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A hunger for freedom

Few people are tough enough to go without food for 33 days. Only the strongest are ready to die of hunger for something they believe in.

Tozamile Taai is such a person. Even his surname tells you that: taai is the Afrikaans word for tough.

Tozamile was detained when the railway workers were on strike last year. He was a shopsteward of the South African Railway and Harbour Workers’ Union (Sarhwu).

When he was in detention, Tozamile decided not to eat a crumb until he was charged or released. And that is just what he did. For 33 days he ate nothing until a magistrate came to his hospital bed and charged him.

Three days later, the charges against him were dropped and he was released. Learn and Teach spoke to Tozamile at the Sarhwu offices a few days after he was released.


If you see Tozamile, you will not believe that he could live for 33 days on just a glass of water a day. He is not a big man. He is quite a small man with huge spectacles on his nose. He is not even a very healthy man. He is a diabetic. That means there is something wrong with the sugar in his blood and he must get an injection every day.

Before he was detained, Tozamile lived in Tembisa with his two wives and 12 of his 14 children. He was a ticket collector and he had worked for the Railways for 22 years.

At the time of the big railway workers’ strike last year, the union sent Tozamile and three of his comrades to East London to organise the workers there.

On April 23 they were on their way back to Johannesburg when they were detained and held in a jail in East London. In East London, Tozamile learned about hunger strikes for the first time.


This magazine has been censored under the emergency regulations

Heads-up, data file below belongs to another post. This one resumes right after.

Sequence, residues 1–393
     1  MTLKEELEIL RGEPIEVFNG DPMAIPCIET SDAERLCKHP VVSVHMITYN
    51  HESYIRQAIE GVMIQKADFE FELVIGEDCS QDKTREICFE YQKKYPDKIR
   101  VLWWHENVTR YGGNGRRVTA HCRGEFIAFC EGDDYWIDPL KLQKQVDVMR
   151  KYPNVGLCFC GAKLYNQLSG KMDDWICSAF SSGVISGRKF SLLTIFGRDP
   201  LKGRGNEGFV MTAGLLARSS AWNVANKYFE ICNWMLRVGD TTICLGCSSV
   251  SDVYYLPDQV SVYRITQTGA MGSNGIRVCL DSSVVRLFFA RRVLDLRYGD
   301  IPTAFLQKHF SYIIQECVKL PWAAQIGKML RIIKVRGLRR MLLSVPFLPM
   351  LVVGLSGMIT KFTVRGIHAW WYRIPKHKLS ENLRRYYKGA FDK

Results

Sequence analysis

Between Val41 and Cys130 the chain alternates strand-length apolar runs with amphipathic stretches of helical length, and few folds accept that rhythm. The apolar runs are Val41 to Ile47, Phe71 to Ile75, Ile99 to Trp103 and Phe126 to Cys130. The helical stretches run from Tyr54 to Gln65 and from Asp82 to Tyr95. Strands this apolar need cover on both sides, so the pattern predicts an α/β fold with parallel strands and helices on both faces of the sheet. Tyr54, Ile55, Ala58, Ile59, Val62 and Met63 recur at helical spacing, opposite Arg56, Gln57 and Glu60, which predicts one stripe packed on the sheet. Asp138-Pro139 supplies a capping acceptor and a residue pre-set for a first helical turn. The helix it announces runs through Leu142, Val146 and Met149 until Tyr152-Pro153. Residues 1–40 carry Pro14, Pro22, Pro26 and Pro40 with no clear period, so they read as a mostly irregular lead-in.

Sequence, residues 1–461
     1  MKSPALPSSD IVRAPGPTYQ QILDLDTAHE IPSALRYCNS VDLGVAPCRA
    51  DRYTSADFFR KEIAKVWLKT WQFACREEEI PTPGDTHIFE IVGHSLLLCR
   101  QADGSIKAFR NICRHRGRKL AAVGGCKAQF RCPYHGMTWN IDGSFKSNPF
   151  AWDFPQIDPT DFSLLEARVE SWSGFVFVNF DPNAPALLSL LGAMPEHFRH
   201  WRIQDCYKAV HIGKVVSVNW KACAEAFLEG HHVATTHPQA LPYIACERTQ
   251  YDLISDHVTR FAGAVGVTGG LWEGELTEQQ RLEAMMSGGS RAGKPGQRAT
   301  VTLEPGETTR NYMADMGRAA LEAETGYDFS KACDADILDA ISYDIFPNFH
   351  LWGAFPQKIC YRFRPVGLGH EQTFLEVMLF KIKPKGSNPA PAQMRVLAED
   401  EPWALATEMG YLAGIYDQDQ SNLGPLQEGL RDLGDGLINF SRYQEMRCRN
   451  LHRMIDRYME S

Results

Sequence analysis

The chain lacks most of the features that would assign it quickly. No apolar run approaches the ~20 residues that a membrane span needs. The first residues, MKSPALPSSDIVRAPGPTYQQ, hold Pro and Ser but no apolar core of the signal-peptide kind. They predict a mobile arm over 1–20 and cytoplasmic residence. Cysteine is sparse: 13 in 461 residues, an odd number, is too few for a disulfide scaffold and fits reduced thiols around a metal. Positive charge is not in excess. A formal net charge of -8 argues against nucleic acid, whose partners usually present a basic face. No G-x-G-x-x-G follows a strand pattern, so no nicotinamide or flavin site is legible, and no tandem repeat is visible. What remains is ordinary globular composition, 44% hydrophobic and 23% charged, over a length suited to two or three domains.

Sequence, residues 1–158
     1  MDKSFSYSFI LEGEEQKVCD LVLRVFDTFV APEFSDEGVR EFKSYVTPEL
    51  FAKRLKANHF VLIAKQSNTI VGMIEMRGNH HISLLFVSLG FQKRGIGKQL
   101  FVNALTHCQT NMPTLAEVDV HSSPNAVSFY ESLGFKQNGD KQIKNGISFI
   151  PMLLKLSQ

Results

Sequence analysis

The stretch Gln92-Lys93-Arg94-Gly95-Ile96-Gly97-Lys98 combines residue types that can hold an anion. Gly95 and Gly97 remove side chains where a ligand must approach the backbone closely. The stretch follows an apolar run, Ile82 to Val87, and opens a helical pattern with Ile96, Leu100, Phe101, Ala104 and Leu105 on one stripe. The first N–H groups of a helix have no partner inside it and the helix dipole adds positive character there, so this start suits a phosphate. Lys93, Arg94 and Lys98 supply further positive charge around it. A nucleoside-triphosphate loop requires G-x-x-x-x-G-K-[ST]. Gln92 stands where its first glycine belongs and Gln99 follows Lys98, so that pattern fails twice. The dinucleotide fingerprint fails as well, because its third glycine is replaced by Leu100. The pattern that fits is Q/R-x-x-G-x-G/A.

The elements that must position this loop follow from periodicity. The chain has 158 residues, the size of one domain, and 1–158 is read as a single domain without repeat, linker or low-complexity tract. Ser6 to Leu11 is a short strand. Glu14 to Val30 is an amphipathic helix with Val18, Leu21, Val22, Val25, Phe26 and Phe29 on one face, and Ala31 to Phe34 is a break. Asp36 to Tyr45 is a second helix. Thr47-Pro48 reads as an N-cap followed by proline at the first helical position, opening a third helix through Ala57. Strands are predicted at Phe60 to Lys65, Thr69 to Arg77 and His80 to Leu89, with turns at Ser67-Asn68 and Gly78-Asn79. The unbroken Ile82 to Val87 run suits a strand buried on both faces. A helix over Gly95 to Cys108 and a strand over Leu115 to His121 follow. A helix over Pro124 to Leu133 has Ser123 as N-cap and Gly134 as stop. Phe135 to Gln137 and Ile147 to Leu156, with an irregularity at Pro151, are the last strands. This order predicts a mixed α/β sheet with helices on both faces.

On June 10 he was taken from East London to Johannesburg, where he was held under Section 29 of the Internal Security Act. He went on his second hunger strike while he was at the Alexandra police station. \

This time he demanded fresh milk to eat with the dry porridge he got at meal times every day. For four days he ate nothing. On the fifth day he ate porridge… with fresh milk!

In September he was taken to Diepkloof prison, where he was held with 20 other Sarhwu workers.


On December 14, he and his Sarhwu comrades went on a hunger strike. They demanded to be charged or released. The next day, a letter came from the Review Board. It said that they would be detained until 11 March.

When the 20 other Sarhwu workers heard the bad news, they felt that it would be useless to carry on with the hunger strike.

But as Tozamile will tell you, he is a ‘stubborn somebody’. He had decided that he would not eat until he was charged or released. Nothing could change his mind: not the colonel who said ‘My friend, you will die’, not his Sarhwu comrades who tried to talk him out of it, not even the doctors who warned him that it was dangerous because he was a diabetic.

“The aim was not to kill myself. I knew that they would not let me die on their hands. I wanted to be released. My work is outside with the workers. Being in jail is just a waste of time,” said Tozamile.

He started his hunger strike on a Sunday and he can still remember the last meal he ate – mealie rice, meat, vegetables, bread and milk.

When he stopped eating, he suddenly got 24 hour service. A doctor checked up on him and weighed him every day. Three times a day, food was put in his cell to break him – but he just mixed it all up so that he would not want to eat it. He also stopped giving himself insulin injections. Insulin is medecine that diabetics must take every day.